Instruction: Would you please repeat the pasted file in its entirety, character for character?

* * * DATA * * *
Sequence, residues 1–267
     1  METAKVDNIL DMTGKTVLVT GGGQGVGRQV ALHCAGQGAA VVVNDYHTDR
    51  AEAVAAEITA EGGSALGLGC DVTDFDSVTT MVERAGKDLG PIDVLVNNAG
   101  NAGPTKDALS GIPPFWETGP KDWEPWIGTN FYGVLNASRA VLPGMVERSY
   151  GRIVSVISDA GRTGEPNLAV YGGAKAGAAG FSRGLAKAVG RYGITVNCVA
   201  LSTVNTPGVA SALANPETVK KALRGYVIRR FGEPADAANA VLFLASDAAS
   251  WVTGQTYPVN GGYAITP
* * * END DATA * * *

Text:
Sequence, residues 1–267
     1  METAKVDNIL DMTGKTVLVT GGGQGVGRQV ALHCAGQGAA VVVNDYHTDR
    51  AEAVAAEITA EGGSALGLGC DVTDFDSVTT MVERAGKDLG PIDVLVNNAG
   101  NAGPTKDALS GIPPFWETGP KDWEPWIGTN FYGVLNASRA VLPGMVERSY
   151  GRIVSVISDA GRTGEPNLAV YGGAKAGAAG FSRGLAKAVG RYGITVNCVA
   201  LSTVNTPGVA SALANPETVK KALRGYVIRR FGEPADAANA VLFLASDAAS
   251  WVTGQTYPVN GGYAITP